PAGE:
When many people think of a foreign trust, they often think of the Cayman Islands or luxurious Luxemburg. They may think that by entrusting money to institutions in these exotic locations, they are sheltered from the burden of U.S. income taxes. Unfortunately, that is not the case.
We help clients create trusts to protect assets; however, typically these are known as domestic trusts. Under prior law, a trust was considered foreign or domestic based upon such factors as the residence of the trustee, the principal place of trust administration, the governing law of the trust, the nationality of the trust settlor and the beneficiaries, and the situs of trust assets. In 1996, the Small Business Act replaced that test and now to qualify as a domestic trust, two conditions must be met:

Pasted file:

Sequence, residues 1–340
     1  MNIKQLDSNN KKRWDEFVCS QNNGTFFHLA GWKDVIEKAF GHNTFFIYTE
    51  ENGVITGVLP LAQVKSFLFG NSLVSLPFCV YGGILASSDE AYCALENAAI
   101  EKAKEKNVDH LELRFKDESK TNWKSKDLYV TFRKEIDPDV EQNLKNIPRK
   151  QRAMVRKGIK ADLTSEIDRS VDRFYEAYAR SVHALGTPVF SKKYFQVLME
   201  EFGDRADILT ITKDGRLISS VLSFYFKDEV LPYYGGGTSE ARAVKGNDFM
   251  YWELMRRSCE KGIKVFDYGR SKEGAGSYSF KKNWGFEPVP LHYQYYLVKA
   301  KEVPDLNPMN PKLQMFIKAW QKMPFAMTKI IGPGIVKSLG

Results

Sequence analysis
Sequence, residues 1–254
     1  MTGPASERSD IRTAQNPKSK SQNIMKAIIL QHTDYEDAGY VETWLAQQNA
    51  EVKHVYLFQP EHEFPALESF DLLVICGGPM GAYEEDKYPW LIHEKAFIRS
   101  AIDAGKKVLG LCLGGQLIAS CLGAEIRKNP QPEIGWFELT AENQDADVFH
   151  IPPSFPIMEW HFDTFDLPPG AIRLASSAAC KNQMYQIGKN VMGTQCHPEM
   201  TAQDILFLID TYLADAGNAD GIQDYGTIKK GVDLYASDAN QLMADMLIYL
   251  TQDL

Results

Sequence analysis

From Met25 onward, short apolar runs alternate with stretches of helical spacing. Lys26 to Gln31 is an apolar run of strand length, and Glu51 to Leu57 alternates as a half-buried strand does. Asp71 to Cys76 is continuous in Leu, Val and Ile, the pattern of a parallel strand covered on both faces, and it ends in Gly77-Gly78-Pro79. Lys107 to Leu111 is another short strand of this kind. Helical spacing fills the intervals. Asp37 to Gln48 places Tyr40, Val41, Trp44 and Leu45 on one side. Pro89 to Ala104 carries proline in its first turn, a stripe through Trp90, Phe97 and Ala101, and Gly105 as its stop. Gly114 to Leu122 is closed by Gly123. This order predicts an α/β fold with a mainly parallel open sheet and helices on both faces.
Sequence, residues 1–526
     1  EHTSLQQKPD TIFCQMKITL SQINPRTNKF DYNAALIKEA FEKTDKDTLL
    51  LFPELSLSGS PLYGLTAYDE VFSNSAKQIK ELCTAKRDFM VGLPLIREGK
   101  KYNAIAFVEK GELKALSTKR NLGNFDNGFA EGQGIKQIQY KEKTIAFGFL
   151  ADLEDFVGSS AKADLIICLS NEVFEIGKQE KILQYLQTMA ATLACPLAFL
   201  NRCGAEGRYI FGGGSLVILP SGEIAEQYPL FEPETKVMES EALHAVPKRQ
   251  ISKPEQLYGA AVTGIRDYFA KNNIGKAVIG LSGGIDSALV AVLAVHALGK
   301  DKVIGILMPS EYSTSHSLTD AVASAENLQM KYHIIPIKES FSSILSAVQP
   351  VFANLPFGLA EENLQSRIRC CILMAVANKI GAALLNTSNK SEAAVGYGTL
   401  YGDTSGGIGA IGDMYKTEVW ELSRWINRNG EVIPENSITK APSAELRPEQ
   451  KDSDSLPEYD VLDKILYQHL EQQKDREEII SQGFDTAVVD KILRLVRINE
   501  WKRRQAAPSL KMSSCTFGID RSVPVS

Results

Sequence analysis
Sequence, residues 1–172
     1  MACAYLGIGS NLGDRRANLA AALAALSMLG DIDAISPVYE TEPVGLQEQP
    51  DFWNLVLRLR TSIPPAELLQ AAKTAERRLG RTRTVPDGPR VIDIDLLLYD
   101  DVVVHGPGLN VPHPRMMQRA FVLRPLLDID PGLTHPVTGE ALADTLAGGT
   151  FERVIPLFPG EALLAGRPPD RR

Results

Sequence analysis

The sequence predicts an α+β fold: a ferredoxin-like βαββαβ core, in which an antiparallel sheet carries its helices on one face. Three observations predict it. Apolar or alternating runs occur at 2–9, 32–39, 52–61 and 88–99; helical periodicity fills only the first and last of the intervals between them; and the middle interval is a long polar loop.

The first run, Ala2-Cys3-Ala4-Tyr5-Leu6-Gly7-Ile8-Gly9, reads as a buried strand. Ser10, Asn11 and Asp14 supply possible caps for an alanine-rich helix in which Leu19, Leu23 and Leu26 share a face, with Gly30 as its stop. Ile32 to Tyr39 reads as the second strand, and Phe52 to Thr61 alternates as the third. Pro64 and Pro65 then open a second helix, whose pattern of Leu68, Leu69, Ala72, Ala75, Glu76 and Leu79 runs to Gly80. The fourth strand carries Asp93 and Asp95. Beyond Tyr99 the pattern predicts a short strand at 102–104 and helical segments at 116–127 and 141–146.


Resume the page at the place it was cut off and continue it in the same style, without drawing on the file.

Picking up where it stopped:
- A U.S. court has jurisdiction to exercise supervision of the trust; and
- One or more U.S. citizens controls the substantial decisions of the trust.
Therefore, under this newer test, a U.S. citizen could create a trust, with U.S. based assets and beneficiaries and it could still be deemed a foreign trust. Transferring assets to a foreign trust does not protect those assets from taxation. Under IRC Section 684, transfers of property to a foreign trust triggers a taxable event, in which the U.S. person must recognize gain (but not loss) on the property transferred.
If you are looking for ways to minimize taxes and protect your wealth, consult with an experienced estate planning attorney in the Greater Baltimore area. At Stouffer Legal, we utilize many asset protection tools to help you preserve wealth while minimizing tax consequences. Call Stouffer Legal today at 443-470-3599 for a free consultation.